An embodiment of another broad aspect of the invention is disclosed in FIGS. 8 and 9 which are simplified functional block diagrams. The contrast enhancement block diagrams of FIGS. 8 and 9 include: an identity lookup table builder 211, a global equalized lookup table builder 213, a plurality of zone equalized lookup table builders 215, 217, 219 and 221; a plurality of non-linear transform blocks 223, 225, 227, 229 and 231; a global weight functional block 233; a plurality of zone weighting functional blocks 235, 237, 239 and 241; and a plurality of functional operators including adders, multipliers, and dividers.
 The identity lookup table builder 211 constructs an identity lookup table for the image frame received. Thus, for each pixel having a contrast k, the lookup table output provided by block 211 provides the same contrast, k.
 The global equalized lookup table builder 213 constructs a global equalized lookup table for the image data received. In particular, the functionality of the builder 213 within FIG. 8 is like that of block 54 within FIG. 6. Accordingly, a range of useful grey-levels is identified. As described above, the range can include all grey-levels within a cumulative distribution function or any lesser or greater amount as desired, for example all grey levels except for the first and/or last unsaturated grey-level within the distribution function. The range is then scaled to include an extended range of grey-levels including, but not limited to, the full range of grey-levels. The builder 213 provides, as an output, the scaled range as a lookup table to the non-linear transform 223.
 Similar to the global equalized lookup table builder 213, each of the zone equalized lookup table builders 215, 217, 219 and 221, constructs an equalized lookup table for that portion of the image data within the particular table builder's zone. In particular, within each zone, a range of useful grey-levels is identified by the builder assigned to the zone. The range for each zone can include all grey-levels within a cumulative distribution function, except the first and/or last unsaturated grey-level within the zone's distribution function, or the like. The range is then scaled to include an extended range of grey-levels including, but not limited to, the full range of grey-levels. The lookup table builder for each zone then provides, as an output, its scaled range as a lookup table to a non-linear transform 223, 225, 227, 229 and 231.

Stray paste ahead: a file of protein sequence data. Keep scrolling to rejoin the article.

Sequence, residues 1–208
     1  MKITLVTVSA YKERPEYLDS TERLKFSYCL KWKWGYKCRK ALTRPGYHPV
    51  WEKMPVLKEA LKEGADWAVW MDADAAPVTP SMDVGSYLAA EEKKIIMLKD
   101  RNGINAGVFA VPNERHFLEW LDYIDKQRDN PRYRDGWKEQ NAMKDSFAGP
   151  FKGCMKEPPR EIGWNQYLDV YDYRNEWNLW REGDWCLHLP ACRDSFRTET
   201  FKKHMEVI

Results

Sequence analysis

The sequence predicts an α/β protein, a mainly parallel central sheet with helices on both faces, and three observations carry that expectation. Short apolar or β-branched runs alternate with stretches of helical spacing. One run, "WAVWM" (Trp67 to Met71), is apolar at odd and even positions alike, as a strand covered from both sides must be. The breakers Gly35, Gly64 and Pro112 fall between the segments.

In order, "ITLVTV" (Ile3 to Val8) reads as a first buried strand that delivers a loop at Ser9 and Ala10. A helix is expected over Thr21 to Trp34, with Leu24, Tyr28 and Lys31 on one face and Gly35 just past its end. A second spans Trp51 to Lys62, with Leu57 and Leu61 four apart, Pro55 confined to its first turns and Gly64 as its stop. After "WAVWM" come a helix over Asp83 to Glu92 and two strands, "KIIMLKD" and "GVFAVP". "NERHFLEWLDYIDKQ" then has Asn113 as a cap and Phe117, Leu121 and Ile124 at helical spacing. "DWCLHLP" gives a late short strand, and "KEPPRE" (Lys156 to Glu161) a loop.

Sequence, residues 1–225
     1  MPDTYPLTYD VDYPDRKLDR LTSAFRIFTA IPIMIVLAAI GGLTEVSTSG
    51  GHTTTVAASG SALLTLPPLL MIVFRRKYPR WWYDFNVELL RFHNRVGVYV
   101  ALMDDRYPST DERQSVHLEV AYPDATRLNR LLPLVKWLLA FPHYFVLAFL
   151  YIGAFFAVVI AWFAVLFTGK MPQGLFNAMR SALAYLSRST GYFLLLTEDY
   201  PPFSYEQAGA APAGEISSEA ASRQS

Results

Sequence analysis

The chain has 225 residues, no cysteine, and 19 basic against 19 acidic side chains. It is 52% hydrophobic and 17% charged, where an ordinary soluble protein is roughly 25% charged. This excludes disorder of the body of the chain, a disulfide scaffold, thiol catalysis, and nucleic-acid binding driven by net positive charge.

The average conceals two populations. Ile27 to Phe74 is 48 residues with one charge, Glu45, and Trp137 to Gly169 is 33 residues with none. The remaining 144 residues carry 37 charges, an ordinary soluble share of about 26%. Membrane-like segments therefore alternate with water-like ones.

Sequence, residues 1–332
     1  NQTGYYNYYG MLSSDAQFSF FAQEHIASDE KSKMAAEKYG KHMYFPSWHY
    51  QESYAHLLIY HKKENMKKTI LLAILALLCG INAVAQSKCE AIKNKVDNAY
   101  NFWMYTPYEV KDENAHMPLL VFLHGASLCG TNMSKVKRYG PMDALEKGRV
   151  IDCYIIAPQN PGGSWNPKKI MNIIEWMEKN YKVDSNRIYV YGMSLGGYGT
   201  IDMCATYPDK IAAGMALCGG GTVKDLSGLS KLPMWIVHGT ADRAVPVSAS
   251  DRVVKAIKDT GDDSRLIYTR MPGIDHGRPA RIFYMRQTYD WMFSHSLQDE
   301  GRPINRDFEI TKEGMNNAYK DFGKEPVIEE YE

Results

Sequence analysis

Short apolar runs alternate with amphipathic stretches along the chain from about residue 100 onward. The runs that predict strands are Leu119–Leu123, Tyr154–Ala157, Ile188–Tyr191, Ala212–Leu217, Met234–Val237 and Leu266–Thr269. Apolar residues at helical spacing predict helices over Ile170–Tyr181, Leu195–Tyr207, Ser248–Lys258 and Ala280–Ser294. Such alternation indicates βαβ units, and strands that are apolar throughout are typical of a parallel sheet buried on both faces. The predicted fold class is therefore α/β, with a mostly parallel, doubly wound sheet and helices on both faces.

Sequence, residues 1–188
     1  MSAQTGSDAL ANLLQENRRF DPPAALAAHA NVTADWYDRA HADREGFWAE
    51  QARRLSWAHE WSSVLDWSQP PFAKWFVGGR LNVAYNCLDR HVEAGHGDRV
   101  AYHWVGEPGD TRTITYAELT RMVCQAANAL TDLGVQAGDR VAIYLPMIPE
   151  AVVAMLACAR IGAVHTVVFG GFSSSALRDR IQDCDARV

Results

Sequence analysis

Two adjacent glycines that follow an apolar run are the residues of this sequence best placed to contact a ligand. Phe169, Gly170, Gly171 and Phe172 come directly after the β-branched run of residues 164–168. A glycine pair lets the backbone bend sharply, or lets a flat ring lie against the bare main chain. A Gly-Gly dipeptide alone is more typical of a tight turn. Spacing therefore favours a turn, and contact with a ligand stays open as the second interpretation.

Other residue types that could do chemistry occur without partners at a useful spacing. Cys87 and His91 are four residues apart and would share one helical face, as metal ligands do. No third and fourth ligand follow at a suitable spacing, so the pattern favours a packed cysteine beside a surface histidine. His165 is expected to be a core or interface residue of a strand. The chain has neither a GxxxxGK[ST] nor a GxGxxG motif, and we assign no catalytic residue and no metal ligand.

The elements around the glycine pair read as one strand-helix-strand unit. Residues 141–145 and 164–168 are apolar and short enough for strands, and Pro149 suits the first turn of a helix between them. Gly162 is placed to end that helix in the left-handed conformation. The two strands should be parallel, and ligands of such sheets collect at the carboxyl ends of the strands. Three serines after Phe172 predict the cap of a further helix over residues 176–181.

FIG. 8 discloses schematically, that the non-linear transforms 223, 225, 227, 229 and 231, provide for weighting grey-level values towards white, thus brightening the image. In an embodiment, the non-linear transforms are a power function wherein the input to the non-linear transform for each pixel is normalized over the range of grey level values. For example, if there are 256 grey-level values available for each pixel, then the input for each pixel is normalized for 256 grey-level values. Then, a power is applied wherein the power is preferably a real number in the range of about 0 to about 1, and preferably 8. Therefore, the output of each non-linear transform 223, 225, 227, 229 and 231, is a lookup table (no reference number) where the values are skewed towards brightening the image.
 The output of each non-linear transform 221-231 is multiplied by a weight as shown by blocks 233-241 of FIG. 8. Accordingly, the weighting provided by global weight 233 determines the balance between combining together two or more inputs. In particular, the global weight determines the balance between the identity lookup table and the transformed global equalized lookup table. The combination or blending together of the identity lookup table 211 and the transformed global equalized lookup table 213 results in a contrast enhanced global lookup table 243.
 Likewise, the weighting provided by weights 235-241 determines the balance between the contrast enhanced global lookup table 243 and each transformed zone equalized lookup table. These combinations or blends result in a plurality of zonal balanced lookup tables 245-251 wherein the balanced lookup tables are contrast enhanced and relate, in part, to a particular zone of the original input image.